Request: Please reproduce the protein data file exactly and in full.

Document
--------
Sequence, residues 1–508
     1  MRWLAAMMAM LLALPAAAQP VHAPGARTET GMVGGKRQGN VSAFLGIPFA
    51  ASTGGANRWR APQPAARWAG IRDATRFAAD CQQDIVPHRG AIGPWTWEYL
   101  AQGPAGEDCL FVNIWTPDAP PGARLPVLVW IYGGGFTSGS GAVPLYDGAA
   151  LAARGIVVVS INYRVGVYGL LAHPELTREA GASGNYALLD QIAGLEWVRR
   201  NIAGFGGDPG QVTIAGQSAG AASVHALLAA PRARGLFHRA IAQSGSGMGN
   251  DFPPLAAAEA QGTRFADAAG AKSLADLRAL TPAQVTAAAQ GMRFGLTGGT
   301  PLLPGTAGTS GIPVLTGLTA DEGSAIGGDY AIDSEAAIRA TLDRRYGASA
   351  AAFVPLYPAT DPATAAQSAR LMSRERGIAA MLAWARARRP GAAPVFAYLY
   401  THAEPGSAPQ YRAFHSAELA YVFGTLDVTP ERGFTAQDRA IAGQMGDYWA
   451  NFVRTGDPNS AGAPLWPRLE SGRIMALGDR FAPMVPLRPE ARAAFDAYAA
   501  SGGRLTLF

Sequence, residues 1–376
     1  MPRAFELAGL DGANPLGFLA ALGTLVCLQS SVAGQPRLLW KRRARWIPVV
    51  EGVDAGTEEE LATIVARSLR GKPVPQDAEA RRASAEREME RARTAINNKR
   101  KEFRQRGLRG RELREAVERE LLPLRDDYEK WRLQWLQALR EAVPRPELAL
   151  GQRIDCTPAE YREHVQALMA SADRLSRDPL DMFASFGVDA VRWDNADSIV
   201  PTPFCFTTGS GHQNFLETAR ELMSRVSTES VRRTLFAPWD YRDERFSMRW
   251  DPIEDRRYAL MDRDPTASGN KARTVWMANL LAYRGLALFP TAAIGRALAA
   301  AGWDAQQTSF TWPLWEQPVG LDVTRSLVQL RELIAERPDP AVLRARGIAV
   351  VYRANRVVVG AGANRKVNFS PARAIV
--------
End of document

Sequence, residues 1–508
     1  MRWLAAMMAM LLALPAAAQP VHAPGARTET GMVGGKRQGN VSAFLGIPFA
    51  ASTGGANRWR APQPAARWAG IRDATRFAAD CQQDIVPHRG AIGPWTWEYL
   101  AQGPAGEDCL FVNIWTPDAP PGARLPVLVW IYGGGFTSGS GAVPLYDGAA
   151  LAARGIVVVS INYRVGVYGL LAHPELTREA GASGNYALLD QIAGLEWVRR
   201  NIAGFGGDPG QVTIAGQSAG AASVHALLAA PRARGLFHRA IAQSGSGMGN
   251  DFPPLAAAEA QGTRFADAAG AKSLADLRAL TPAQVTAAAQ GMRFGLTGGT
   301  PLLPGTAGTS GIPVLTGLTA DEGSAIGGDY AIDSEAAIRA TLDRRYGASA
   351  AAFVPLYPAT DPATAAQSAR LMSRERGIAA MLAWARARRP GAAPVFAYLY
   401  THAEPGSAPQ YRAFHSAELA YVFGTLDVTP ERGFTAQDRA IAGQMGDYWA
   451  NFVRTGDPNS AGAPLWPRLE SGRIMALGDR FAPMVPLRPE ARAAFDAYAA
   501  SGGRLTLF

Sequence, residues 1–376
     1  MPRAFELAGL DGANPLGFLA ALGTLVCLQS SVAGQPRLLW KRRARWIPVV
    51  EGVDAGTEEE LATIVARSLR GKPVPQDAEA RRASAEREME RARTAINNKR
   101  KEFRQRGLRG RELREAVERE LLPLRDDYEK WRLQWLQALR EAVPRPELAL
   151  GQRIDCTPAE YREHVQALMA SADRLSRDPL DMFASFGVDA VRWDNADSIV
   201  PTPFCFTTGS GHQNFLETAR ELMSRVSTES VRRTLFAPWD YRDERFSMRW
   251  DPIEDRRYAL MDRDPTASGN KARTVWMANL LAYRGLALFP TAAIGRALAA
   301  AGWDAQQTSF TWPLWEQPVG LDVTRSLVQL RELIAERPDP AVLRARGIAV
   351  VYRANRVVVG AGANRKVNFS PARAIV